4 Ways to De-Clutter Your Brain and Your Office

Posted on September 6, 2012.

You’ve heard it all before- “make lists”, “delete emails”, “purge ”, but according to Psychology Today, it’s easier said than done. According to the article, people that have a visceral reaction to de-cluttering are not exaggerating. They experience real pain.  That said, trying to manage people is nearly impossible if you can’t get organized.  How can you make it easier?

1.     Break it down. Any time you’re faced with something that overwhelms you, it helps to break it into smaller pieces.  If you have paper on every corner of your desk and floor, don’t look at the room in total.  Tackle one small space at a time.  Allocate enough time to clean just one pile and stop for that day.  If you try to tackle more than that, you’ll quit before you start.

2.     Establish a matrix.  Before you embark on your de-cluttering, it helps to establish matrix that includes things like “action required”, “read within 30 days”, “nice to have, not need to have”, etc.  Once you have the matrix, label boxes and when sorting your small piles, make sure to discard them into the appropriate box.  Once your done, throw out the nice to haves, put the read in 30 days on your inbox and put your act now on the front of your desk.  If you can’t throw out the box yourself, ask someone to do it for you.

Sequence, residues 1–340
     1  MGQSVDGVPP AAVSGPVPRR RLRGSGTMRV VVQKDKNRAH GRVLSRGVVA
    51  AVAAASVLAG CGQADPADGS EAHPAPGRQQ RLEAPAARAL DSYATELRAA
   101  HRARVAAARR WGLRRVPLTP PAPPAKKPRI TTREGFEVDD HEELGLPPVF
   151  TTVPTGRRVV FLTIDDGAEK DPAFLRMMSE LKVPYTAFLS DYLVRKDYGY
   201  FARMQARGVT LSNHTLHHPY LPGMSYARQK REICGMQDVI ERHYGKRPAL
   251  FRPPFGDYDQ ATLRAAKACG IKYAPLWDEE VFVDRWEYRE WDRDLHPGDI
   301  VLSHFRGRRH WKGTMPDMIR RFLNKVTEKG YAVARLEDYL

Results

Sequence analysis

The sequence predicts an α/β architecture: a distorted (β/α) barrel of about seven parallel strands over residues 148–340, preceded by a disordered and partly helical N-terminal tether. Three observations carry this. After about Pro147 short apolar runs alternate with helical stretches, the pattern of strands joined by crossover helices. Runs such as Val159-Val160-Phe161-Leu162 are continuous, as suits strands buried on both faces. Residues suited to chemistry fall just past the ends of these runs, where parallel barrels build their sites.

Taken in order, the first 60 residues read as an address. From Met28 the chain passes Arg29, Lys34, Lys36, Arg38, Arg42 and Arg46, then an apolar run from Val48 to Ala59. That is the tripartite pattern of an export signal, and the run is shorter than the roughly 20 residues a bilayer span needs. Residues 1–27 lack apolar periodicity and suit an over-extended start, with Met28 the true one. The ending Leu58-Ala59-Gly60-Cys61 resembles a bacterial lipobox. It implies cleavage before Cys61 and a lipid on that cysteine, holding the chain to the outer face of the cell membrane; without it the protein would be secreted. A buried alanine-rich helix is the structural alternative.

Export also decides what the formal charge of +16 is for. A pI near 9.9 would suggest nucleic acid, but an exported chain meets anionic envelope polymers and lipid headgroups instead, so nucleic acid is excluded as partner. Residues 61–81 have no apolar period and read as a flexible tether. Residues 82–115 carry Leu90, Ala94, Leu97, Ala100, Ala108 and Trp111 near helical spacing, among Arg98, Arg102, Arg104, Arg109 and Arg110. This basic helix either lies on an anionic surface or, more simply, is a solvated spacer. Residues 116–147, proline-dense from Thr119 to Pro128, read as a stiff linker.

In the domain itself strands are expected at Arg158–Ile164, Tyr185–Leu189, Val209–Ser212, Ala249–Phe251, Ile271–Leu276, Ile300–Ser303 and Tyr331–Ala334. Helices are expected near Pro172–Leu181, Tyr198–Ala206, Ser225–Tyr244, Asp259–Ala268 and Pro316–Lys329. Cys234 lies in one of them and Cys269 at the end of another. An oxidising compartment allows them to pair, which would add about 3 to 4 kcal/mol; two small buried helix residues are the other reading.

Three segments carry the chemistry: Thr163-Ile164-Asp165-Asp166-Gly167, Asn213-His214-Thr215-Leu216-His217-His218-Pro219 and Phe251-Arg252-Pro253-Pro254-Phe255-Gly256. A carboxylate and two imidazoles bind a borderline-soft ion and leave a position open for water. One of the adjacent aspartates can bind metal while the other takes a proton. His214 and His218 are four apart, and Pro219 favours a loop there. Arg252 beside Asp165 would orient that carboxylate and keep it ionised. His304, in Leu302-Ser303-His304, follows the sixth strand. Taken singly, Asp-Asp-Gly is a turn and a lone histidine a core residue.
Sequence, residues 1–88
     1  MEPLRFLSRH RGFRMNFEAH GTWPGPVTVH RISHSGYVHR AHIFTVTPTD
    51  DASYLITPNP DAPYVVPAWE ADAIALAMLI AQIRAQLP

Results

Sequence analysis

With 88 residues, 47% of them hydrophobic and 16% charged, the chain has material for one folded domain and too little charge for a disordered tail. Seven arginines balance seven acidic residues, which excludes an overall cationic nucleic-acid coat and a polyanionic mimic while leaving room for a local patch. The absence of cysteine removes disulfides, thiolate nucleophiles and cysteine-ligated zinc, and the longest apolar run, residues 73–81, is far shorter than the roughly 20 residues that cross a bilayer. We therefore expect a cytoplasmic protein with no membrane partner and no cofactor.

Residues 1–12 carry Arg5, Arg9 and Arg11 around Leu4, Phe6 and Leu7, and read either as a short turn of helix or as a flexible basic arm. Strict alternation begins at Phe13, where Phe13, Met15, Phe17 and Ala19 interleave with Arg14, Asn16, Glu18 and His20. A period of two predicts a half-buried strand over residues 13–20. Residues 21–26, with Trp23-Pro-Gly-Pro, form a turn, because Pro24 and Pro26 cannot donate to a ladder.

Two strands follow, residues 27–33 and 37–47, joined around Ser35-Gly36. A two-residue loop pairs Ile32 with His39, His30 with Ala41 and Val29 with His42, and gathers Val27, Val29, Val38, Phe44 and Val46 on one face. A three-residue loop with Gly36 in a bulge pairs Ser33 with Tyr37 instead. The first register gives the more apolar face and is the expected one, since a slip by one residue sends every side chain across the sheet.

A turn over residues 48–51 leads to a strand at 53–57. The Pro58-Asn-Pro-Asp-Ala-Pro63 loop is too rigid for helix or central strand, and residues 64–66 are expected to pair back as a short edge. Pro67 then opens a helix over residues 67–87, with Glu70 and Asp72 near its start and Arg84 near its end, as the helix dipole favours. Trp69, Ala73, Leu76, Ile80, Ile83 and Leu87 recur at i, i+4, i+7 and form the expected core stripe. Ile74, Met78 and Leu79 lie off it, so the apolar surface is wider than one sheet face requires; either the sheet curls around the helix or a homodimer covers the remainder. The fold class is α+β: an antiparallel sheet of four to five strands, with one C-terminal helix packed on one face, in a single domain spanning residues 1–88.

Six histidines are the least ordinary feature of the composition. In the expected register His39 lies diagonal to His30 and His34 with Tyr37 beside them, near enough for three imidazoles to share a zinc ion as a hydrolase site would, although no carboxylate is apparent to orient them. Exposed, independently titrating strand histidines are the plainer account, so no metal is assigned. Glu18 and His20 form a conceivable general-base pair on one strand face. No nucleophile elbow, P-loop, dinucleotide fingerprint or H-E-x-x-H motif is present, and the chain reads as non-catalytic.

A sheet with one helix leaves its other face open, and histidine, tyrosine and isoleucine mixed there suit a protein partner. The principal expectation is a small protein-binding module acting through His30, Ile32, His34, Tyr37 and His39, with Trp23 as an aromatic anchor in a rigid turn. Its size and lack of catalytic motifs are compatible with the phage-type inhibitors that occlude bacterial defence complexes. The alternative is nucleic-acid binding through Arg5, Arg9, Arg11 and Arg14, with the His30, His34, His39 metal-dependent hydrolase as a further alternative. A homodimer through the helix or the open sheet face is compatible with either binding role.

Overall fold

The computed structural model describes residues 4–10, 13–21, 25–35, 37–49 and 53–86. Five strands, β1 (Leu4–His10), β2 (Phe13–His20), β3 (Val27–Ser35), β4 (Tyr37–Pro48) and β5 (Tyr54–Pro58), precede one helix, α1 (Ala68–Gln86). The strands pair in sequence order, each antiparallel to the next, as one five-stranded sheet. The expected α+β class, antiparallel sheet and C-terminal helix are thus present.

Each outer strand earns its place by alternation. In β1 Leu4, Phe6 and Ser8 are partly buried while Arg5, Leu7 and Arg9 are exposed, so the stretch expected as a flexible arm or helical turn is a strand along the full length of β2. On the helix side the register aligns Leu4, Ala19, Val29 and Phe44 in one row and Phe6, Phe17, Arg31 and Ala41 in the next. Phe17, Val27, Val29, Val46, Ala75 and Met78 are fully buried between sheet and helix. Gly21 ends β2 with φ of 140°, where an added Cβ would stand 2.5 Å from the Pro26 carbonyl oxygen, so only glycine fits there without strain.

3.     Delete emails.  For hoarders, stockpiling emails is not unlike stockpiling papers in your office.  Just because it’s digital doesn’t mean it isn’t clutter. Plus, every time you open up your mail, you are stressed and overwhelmed. Here’s the thing, you probably just physically can’t bring yourself to delete all those unnecessary emails.  So ask someone to do it for you.  Hopefully you have an assistant that has access to your mail.  If not, ask someone you trust to help you. Start by sorting the mail by date. Clearly, anything over 90 days is suspect; anything over 6 months should be gone.

4.     Store documents digitally. As you or your assistant goes through the email above, make sure you create digital document folders for those emails that contain critical information.  The document folders would be set up just like paper folders. Once they’re established, you can start filing emails accordingly.  No more papers in the office, no more email sin your inbox you’re saving because they contain information you must retain.

Once you’ve been able to de-clutter your office, you’ll find that you have a significant amount of time freed up that you can spend doing what every good manager should be doing- spending time with the people that work for you.